Minisode 47: Interview with Director Gus Van Sant and Actress Beth Ditto of Don’t Worry, He Won’t Get Far on Foot

Aaron recently had the opportunity to share an interview of Gus Van Sant and Beth Ditto with John from the About to Review podcast. We discuss Gus’ latest film, Don’t Worry, He Won’t Get Far on Foot, as well as many unique topics brought up by our always interesting guests. This interview is spoiler-free. Enjoy, and be sure to check out John’s podcast when you’re done!


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Music: Going Higher – Bensound.com

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MOVIE REVIEW: Jumanji: Welcome to the Jungle

JUMANJI: WELCOME TO THE JUNGLE (2017)

We live in a world of remakes, reboots, reimaginings and rebrandings. Sequels and franchises dominate the box office. If a studio sees any opportunity to squeeze a dime out of something you loved as a child, chances are it’s already in production. While they’re not all terrible, even the best of them are merely well-produced retreads that lack innovation and imagination. But every once in a while, a sequel or a reboot comes along that surpasses its source material with a fresh take that injects life into the property. This Christmas, we’re lucky enough to have one of those rare diamonds in the rough in Jake Kasdan’s Jumanji: Welcome to the Jungle.

Jumanji: Welcome to the Jungle is a standalone sequel to the 1995 hit Jumanji, directed by Joe Johnston and starring Robin Williams, Bonnie Hunt and a young Kirsten Dunst that spawned an animated television series and multiple video games. Boasting cutting edge CGI for its time, the film told the story of four players stuck in the middle of a mystical interactive board game where you win or you die. I’ve been excited for this film for a while due to my fond memories of the original and the casting of Dwayne Johnson in the lead role. Anyone who knows me knows that the easiest way to get me into a theater is to cast The Rock.

The film picks up almost exactly where the original left off in 1996 with the board game being discovered on a beach where it washed up after Robin Williams’ Allan Parrish attempted to bury it in the bottom of a river in 1969. The man who discovered the game gives it to his son Alex who has no interest in board games but is an avid video gamer. The game transforms itself into a video game and after we see some green flashing lights from outside Alex’s window, the film fast forwards to the present day where four high schoolers discover the video game while cleaning out an old storage room and they one by one get sucked into the world of Jumanji. Having been transformed into the bodies of their avatars (Johnson, Kevin Hart, Karen Gillan and Jack Black), the four students must find a jewel that’s been stolen and return it to its sacred resting place before the perils of the jungle take their lives.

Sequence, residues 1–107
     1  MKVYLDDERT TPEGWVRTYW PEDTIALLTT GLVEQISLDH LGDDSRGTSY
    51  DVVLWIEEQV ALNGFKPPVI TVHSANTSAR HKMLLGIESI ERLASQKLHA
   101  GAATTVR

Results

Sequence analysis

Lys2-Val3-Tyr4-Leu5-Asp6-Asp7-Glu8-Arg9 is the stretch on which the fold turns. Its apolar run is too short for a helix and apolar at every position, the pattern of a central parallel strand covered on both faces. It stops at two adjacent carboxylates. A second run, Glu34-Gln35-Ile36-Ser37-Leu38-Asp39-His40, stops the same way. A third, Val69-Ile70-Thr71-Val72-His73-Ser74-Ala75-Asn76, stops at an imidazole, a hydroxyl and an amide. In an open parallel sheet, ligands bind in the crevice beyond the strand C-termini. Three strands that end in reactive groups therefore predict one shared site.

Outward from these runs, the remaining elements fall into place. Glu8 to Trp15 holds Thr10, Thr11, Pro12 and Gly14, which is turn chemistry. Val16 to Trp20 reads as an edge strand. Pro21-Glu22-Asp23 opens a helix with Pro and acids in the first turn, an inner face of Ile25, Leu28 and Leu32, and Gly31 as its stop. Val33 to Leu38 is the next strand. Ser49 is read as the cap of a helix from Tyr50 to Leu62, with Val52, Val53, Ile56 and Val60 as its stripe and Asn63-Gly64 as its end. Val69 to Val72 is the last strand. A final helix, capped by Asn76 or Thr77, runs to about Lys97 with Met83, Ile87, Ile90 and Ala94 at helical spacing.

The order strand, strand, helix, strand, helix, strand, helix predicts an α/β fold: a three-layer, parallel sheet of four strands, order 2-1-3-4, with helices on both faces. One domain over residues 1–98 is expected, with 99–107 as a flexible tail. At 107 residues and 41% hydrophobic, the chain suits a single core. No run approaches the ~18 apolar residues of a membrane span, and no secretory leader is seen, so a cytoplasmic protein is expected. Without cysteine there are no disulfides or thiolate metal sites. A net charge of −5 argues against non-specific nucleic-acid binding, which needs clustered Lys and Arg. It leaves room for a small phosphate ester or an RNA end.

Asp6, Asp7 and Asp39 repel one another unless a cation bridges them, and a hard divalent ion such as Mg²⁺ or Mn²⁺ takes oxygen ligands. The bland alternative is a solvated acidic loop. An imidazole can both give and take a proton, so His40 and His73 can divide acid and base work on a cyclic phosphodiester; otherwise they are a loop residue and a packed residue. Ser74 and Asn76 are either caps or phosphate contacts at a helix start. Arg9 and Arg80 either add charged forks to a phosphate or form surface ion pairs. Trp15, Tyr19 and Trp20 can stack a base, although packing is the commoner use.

If the plot sounds simple, that’s because it absolutely is. There are a couple of mostly predictable twists and turns along the way, but this film works because of the solid chemistry of its cast. Continuing the on-screen chemistry that was forged in 2016’s surprising comedy Central Intelligence, Johnson and Hart play off of each other well and are the source of a lot of the film’s biggest laughs. Jack Black is as funny as he’s been in years as a self-obsessed teenage girl trapped in the body of a middle-aged man. Karen Gillan is perfectly awkward as an awkward teen suddenly trapped in the body of a stereotypical female video game heroine. The four of them clearly seem to be having a lot of fun together and each character is given their chance to shine.

There are a lot of films out there to see this time of year that will be mentioned come awards season. Jumanji: Welcome to the Jungle is absolutely not one of those films. It’s ridiculous and over the top, but if I were making a list of the most enjoyable movies of the year, it would definitely be in the top five. I enjoyed the action, it made me laugh and there was a surprising emotional punch at the end that I didn’t see coming. If you’re wanting to go out with the family* to have a good time at the movies this holiday season, I have a hard time believing that Jumanji: Welcome to the Jungle would leave you disappointed.

Rating:

*This is a film with PG-13 humor unlike the original that catered to wider audiences. There is some content that might be objectionable to some with younger children. I’m glad I saw it on my own before taking my children who are all under the age of 12.


 

Jeremy Calcara is a contributing member of the Feelin’ Film team. In addition watching as many movies as he can and writing reviews for Feelin’ Film, Jeremy consumes an unhealthy amount of television and writes about it weekly in his Feelin’ TV column.   Follow him on Facebook and Twitter  to be notified when new content is posted.